WEINER, TED (1911–1979). Ted Weiner, independent oil operator, art collector, and patron, was born in Fort Worth, Texas, on March 9, 1911, the son of Samuel and Lillian (Blanc) Weiner. He attended grade schools in Oakland, California, and received his secondary education at public schools in Eldorado, Arkansas, and the New Mexico Military Institute in Roswell, New Mexico. He married Margaret Lucile Clements on September 15, 1938; they had one daughter. In 1929 Weiner began his career in oil exploration while working for his father, who was in the drilling business and owned a machine parts shop. In 1929 Ted Weiner and a partner drilled the first productive well in Ward County, a venture that led to the development of the South Ward Field. During the 1930s he found the Monroe Field, also in Ward County; the Halfway Field in Lea County, New Mexico; the Weiner Field in Winkler County; and others in New Mexico. Following World War II Weiner and his brothers Charles and Stanley discovered a number of reserves in Midland, Upton, and Reagan counties that came to be known as the Spraberry Trend Field (see SPRABERRY-DEAN SANDSTONE FIELDS). Further discoveries were made in Dawson, Howard, Yoakum, Borden, and Callahan counties in Texas, and several counties in Louisiana. Weiner established Texas Crude Oil Company in 1943, and after World War II he managed the company in partnership with his brother Stanley, in charge of West Texas operations, and his brother Charles, in charge of Louisiana operations. Weiner was also director and president of Coral Drilling Company, vice president of B. L. McFarland, Incorporated, and B. L. McFarland Drilling Contractor, vice president of the Mid-Tex Manufacturing Company, and director of the Sequoia Oil Company and Pipe, Incorporated. He was a director of the Fluor Corporation; director, vice president, and treasurer of Pipe Line Transportation, Incorporated; director, chairman, and chief executive officer of North American International; and a director for Petroleum Leaseholds, Southern Crude Company, Eastern Shur Guide, North American Oil and Gas, Calgary Crude Oil Company, and International Royalties.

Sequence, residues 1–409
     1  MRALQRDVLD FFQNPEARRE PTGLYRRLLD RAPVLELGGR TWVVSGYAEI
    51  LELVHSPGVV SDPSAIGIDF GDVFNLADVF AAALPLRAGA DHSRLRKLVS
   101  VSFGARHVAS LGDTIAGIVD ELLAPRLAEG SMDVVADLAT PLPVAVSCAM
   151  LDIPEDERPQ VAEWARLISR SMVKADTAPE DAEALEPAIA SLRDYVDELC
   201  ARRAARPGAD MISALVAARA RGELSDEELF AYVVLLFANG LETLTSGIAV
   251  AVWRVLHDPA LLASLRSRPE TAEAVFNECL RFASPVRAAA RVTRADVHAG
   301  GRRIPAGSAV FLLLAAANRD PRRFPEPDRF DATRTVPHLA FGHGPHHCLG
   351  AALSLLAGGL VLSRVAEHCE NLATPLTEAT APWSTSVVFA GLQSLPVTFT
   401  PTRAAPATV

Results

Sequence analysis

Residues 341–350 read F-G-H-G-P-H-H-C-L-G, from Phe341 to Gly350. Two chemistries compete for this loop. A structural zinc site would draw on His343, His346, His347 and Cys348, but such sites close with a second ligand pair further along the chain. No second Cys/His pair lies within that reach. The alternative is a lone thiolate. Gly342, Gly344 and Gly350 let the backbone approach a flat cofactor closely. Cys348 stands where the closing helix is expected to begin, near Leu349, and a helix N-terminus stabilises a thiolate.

Weiner's interest in art was sparked in the early 1940s, when he purchased a landscape in the course of redecorating his parents' home. He began collecting actively in 1951, and amassed an extensive collection of paintings and sculpture. The collection featured contemporary sculptures by artists such as Harry Bertoia, Gerhard Marcks, Pablo Picasso, Edgar Degas, Alexander Calder, Jacques Lipchitz, Jim Love, Marino Marini, Henry Moore, Evaline Sellors, and Jack Zajac. The Weiners were praised for exhibiting a "catholicity of taste," buying works that ranged from the detailed realism of Eros Pellini's bronze Head of a Girl (1958–59) to Jean Arp's fluid bronze abstraction Growth (1938). The Weiners also took chances by buying the works of unproved artists and generously supported the work of such Texan sculptors as Charles Umlauf and Charles T. Williams. Many of the larger pieces were placed outside in the 6½-acre garden surrounding the Weiners' Fort Worth home, which was designed by New York architect Edward Larrabe Barnes. Selected works in the Weiner collection were exhibited at the Fort Worth Art Center in 1959, the University Art Museum at the University of Texas at Austin in 1966, and at the Palm Springs Desert Museum in Palm Springs, California, in 1969. Ted Weiner's interest in the arts was manifested further in his support of community organizations. He was a member of the Art Commission of the city of Fort Worth, and served on the board of directors of the Fort Worth Art Association, the Fort Worth Civic Opera Association, the Fort Worth Children's Museum (later the Fort Worth Museum of Science and Historyqv), the Reeder School, the Fort Worth Symphony Orchestra Association, and the Van Cliburn International Piano Competition Foundation. He also served on the board of directors of the Texas Association for Mental Health and St. Joseph Hospital in Fort Worth. The West Texas Chamber of Commerce recognized his contributions with the Culture Award in 1967.